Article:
The 2018 Camp and Woolsey Wildfires in California caused devastating losses between $15 and $19 billion, according to a CoreLogic Natural Hazard Press Release. In a blog titled “Explaining to Homeowners Reconstruction Costs Versus Other Valuations,” Guy Kopperud, Principal of Industry Solutions at CoreLogic discussed several aspects of reconstruction costs vs. other valuations in the wake of damage caused by recent natural disasters.
Kopperud noted that natural hazards such as wildfires have forced insurance carriers to reevaluate the need for more accurate insurance coverage to better protect their policyholders if a natural disaster should destroy their property. Speaking of the consequences of underinsurance, he said that it can “affect the mortgage industry as well.” “Many times, if a homeowner doesn’t have enough insurance coverage to rebuild, they simply walk away from their mortgages,” he added.
The effects of natural disasters were evident in CoreLogic’s data on delinquency, wherein the areas affected by natural disasters have seen an increase in delinquency rates while other parts of the country are experiencing a steady decline, he noted.
While the focus of insurance and mortgage industries is largely on making Insurance to Values more accurate, Kopperud emphasized that property insurance agents and carriers often receive questions from homeowners who lack clarity on reconstruction cost values and market or appraisal values.
Property owners ask three most common questions after receiving a quote from their agent, says Kopperud. One of them pertains to why their homeowner’s insurance coverage is more than what the home is worth. “Many homeowners assume the cost to rebuild a property should be equal to what they paid for the property. However, insurers determine reconstruction cost values (RCVs) using sophisticated residential estimating tools that deliver RCVs at today's prices,” he said.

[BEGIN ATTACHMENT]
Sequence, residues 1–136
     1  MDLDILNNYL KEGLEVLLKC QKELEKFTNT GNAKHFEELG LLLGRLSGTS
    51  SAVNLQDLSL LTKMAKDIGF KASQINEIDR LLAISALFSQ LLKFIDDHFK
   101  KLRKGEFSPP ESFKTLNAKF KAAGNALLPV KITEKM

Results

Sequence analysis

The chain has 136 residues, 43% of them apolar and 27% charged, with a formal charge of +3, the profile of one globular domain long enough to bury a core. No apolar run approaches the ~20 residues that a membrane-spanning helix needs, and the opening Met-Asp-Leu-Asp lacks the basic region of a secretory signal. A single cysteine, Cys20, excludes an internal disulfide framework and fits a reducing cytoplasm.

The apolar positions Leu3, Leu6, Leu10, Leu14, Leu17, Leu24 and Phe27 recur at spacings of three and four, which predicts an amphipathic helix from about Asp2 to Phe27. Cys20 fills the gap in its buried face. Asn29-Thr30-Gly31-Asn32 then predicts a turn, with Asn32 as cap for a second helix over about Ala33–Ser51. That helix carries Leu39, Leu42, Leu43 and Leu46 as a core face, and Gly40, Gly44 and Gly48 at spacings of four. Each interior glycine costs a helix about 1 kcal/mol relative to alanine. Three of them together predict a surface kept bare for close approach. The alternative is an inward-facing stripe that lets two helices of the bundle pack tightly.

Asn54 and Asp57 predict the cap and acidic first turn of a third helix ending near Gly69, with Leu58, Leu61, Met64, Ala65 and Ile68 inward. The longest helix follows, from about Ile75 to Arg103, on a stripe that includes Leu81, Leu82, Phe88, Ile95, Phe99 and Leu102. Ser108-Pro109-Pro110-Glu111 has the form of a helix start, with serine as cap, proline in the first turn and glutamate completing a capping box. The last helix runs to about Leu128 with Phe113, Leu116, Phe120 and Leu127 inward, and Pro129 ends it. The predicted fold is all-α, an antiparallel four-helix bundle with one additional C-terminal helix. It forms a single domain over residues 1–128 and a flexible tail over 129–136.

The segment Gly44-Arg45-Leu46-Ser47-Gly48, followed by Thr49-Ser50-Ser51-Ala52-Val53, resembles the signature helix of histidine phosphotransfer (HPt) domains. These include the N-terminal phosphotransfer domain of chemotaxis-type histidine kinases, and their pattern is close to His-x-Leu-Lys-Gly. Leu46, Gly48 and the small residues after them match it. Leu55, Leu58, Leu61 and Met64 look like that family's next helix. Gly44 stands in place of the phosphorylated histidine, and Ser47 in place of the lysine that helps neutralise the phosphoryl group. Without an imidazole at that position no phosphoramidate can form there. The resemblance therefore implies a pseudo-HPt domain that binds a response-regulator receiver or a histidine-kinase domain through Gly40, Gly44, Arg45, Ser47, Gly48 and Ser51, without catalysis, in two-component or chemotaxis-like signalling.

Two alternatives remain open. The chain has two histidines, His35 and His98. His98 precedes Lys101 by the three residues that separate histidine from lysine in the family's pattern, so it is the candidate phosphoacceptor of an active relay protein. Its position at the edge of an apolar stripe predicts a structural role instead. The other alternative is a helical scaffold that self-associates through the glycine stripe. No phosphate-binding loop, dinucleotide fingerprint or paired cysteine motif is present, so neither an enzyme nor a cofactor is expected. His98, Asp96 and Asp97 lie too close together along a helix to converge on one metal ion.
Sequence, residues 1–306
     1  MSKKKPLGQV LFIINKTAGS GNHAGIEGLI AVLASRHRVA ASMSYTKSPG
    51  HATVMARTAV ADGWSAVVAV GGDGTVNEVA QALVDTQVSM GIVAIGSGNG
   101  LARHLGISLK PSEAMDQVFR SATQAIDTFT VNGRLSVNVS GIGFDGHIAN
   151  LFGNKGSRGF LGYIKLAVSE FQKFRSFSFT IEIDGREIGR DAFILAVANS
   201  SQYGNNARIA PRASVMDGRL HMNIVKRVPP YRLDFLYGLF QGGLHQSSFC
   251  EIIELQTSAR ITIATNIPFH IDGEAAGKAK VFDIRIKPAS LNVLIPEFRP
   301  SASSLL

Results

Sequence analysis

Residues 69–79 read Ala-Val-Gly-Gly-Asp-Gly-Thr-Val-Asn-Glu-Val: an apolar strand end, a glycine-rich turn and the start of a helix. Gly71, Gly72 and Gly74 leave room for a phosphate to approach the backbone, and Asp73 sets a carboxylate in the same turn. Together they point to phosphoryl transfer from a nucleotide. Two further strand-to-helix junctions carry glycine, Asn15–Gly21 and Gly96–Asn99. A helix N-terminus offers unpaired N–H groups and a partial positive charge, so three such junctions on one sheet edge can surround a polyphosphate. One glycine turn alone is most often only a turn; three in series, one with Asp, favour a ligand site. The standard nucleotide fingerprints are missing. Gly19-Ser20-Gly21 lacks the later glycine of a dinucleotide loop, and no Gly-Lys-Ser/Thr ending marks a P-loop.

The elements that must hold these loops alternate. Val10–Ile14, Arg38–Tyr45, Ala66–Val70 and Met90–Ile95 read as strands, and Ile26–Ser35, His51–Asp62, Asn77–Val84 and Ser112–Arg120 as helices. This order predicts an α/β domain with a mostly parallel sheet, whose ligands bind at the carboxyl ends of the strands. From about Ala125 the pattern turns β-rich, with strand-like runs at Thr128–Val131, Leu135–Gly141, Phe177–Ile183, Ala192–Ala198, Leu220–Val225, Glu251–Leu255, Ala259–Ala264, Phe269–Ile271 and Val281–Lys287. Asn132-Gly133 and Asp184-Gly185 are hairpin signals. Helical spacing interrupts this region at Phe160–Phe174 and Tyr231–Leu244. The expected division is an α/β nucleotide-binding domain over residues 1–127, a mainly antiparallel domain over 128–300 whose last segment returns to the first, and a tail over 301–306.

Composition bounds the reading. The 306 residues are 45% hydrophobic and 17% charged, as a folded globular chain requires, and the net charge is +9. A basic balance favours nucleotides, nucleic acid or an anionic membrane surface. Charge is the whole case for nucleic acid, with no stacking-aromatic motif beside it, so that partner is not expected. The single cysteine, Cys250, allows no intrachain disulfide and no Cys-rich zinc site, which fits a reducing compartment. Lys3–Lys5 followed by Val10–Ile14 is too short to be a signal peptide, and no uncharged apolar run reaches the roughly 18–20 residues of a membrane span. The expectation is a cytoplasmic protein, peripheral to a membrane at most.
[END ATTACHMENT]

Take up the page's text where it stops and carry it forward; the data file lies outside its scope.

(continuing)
Answering the aforementioned query, Kopperud explains, “the reconstruction cost value is the cost to replace or rebuild a home to original or like standards at current material and labor costs within a certain geographical area. Meanwhile, a home’s market value is the price a consumer is willing to pay for the home.”
Addressing questions about why the reconstruction cost value is higher than what was initially paid for the home, Kopperud said that “CoreLogic research has shown that reconstruction cost values average close to 12 percent more than new construction costs. This is because newly constructed communities can benefit from material discounts and labor efficiencies that a contractor rebuilding a home does not have.”
To those homeowners who inquire about using the appraised or assessed value to determine their insurance coverage limits, he indicated that Replacement Cost New (RCN)—a term generally used by the assessor and appraisal industry—is not recommended to determine the cost to rebuild a home. He further explains that this is because RCN is based on the cost to build, at one time, an entire building of equal utility, quality, features, and finishes with neither the contractor nor property owner being under duress to have it done in a shorter time frame.